Unknown to many people, the take-down by President Uhuru on Mombasa Governor Ali Hassan Joho did not end with the governor. It roped in everyone around the governor, many whose lives have been ripped off in ways they never imagined.
Often when politicians duel, the fight is even more ruthless within the inner core. Eventually, the losers and winners of a political duel are many.
It isn’t easy to fall out with an African strongman and keep your peace, especially if that he is the petty, vengeful type, with an overblown sense of worth and sycophantic coteries egging him on. So is the Uhuru-Joho tale.
Uhuru men believe the rise of Joho is half the making of the people around him, all who are now marked men, and many are now revealing chilling happenstances in their private lives that numb even the bravest.
One has been trailed by gun and narrates a lucky escape. Only to be poisoned.
The other, just recently, became the recipient of toxic Jubilee propaganda connecting him to terrorism. Others talk of phone calls tapped daily. Homes ransacked. Strange calls and death threats.
“In it is getting dirtier and pettier. They (Uhuru men) think it is some of us to blame for the public spat between the governor and the President. They never ask whether the issues the governor is raising are genuine enough to warrant his hard stances on them,” one of Joho aides told this writer. We assured him of anonymity.
“It is critical for people to understand why the two fell out and on what issues. On forcing poor squatters to pay for land titles, it was the contention of Governor Joho that the President was playing favourites. This regime in other instances gave poor squatters and IDPs free title deeds. No one was asked to pay. What was so different with the Mombasa squatters?” he posed.
“The second issue is the government decision to move key functions of Mombasa port to a new dry port in Naivasha. Thousands of families who depend on port business are staring at uncertain future, with massive job losses to follow,” he adds.
For Joho, the question is how to explain these clearly toxic initiates of the Jubilee regime to his constituents. It started with the closure of his own port businesses, which posed the dilemma of how to raise the broader injustice without appearing to be fighting for his own threatened business empire.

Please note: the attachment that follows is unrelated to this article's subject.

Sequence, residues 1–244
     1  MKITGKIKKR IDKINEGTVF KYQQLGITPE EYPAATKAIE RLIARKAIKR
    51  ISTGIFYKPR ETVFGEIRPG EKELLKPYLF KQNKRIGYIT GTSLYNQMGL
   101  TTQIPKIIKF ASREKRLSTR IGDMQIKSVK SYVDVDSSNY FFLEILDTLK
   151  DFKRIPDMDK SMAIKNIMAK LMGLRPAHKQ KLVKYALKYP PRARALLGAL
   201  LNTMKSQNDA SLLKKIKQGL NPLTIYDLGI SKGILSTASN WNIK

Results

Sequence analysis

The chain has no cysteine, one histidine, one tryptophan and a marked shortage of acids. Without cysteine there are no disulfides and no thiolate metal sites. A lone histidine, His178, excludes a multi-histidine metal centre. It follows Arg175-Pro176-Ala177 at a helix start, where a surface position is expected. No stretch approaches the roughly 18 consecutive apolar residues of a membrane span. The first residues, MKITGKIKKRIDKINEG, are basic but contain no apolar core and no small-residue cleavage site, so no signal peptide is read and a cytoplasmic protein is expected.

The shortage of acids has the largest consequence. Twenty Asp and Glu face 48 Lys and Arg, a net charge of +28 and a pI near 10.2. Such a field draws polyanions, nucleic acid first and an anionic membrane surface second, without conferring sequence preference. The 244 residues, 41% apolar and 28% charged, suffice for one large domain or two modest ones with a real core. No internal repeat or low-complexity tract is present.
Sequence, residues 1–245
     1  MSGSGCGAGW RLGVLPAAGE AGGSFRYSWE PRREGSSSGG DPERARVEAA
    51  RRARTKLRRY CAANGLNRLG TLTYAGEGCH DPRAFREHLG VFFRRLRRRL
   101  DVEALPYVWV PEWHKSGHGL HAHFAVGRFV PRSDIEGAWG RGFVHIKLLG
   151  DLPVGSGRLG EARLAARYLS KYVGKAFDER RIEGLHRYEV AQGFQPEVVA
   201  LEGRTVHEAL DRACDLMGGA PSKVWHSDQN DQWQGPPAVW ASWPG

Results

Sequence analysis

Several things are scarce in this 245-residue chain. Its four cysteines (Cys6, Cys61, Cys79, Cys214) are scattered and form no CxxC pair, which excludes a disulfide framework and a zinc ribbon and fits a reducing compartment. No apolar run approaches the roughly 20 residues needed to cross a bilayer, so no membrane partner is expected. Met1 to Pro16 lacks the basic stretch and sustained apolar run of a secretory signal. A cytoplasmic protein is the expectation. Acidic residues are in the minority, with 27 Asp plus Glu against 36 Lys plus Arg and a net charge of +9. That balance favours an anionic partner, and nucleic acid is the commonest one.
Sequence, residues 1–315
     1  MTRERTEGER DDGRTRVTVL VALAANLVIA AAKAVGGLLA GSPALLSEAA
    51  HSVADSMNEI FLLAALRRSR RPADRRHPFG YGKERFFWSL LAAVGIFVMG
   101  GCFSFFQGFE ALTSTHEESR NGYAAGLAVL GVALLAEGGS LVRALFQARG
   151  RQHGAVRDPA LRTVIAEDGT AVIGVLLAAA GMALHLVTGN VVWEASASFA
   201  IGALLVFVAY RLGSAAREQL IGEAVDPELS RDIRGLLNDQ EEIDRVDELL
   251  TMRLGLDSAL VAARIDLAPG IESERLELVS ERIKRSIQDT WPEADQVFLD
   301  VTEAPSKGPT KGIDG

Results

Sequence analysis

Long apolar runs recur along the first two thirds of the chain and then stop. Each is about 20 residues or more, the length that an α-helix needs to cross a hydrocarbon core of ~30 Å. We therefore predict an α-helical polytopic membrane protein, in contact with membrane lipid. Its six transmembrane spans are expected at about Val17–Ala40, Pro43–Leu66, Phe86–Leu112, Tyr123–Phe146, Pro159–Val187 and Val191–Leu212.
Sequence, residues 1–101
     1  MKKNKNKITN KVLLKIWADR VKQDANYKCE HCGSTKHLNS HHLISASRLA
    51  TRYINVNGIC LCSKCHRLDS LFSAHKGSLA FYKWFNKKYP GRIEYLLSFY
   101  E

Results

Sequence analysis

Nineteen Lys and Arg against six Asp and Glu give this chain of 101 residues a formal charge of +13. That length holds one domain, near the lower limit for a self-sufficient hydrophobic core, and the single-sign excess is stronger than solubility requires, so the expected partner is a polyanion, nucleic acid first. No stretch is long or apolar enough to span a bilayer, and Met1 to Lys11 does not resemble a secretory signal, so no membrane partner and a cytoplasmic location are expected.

And for Joho men, it is the righteous anger, lurched on their firm belief – that President Uhuru doesn’t serve all Kenyans equally – that’s unnerving to them.
They say their man has a duty to bring Uhuru’s attention to his dubious record on fairness. They reject, and furiously so, the argument that their man disrespects the President.
“In Kenya, you are expected to defer and pay reverence to the President even when he is peeing on you. This is what we are challenging. And we are on the right side of history”.
Ali Hassan Joho is no doubt surrounded by loyal and smart (brains) people, many of them young careerists just starting on their professional paths. These idealists look at their peers doing Uhuru politics and shudder in disgust. Perhaps, it is this that marks him apart.
“Some of the people closer to Uhuru pulling these dirty strings are fellow young people. They even openly brag about it. They look at this country the way Mbiyu Koinange and Njoroge Mungai and Njenga Karuma did,” another Joho insider laments.
What cuts across all of them is the urgency of the moment. It is like they all know they are right at that critical point where history takes a turn, to the better or to the worse.
Though serving under Raila Odinga as Deputy Party Leader of ODM, the Joho circle is quite unlike Odinga. And that’s a mean comparison to make.
In the Joho circle you see a flicker of Jaramogi’s wisdom in how Joho has assembled around him young, intellectually smart men who, though always in the shadows, have succeeded in building the most unlikely candidate for the hard task of carrying the kind of politics that frightens reactionary children of status quo, of whom Uhuru Kenyatta is the most noisy.
Joho men believe they will have the final end of it. They also know something has to give, and you get the impression that though they know it won’t give easily, they are somehow figuring it out.
For Uhuru, now also aware that he has badly lost it, is back to the drawing board.
His preferred candidate, Suleiman Shabhal, is a dog-whistling weakling. Without an ethnic sandbox to box into one corner, as Uhuru’s ethnic Kikuyu form a sorry minority in Mombasa, the President has failed to get the magic wand (ethnicity) of Kenyan politics.
Other candidates, including the quixotic senator of Mombasa, Omar Hassan Sarai, are teetering towards irrelevance, for the gubernatorial seat of Mombasa is now officially a contest between Nairobi puppeteers and their puppets in Mombasa.
This fight is as old as history itself. You see it in the schism between Rabindranath Tagore and Mohandas Karamchand Gandhi. It’s there between Booker T. Washington and Marcus Garvey, or Most Reverend Steel, a protestant, and the Pope.
For me, it doesn’t matter because this is the best age to live in Kenya. This August, something will have to break.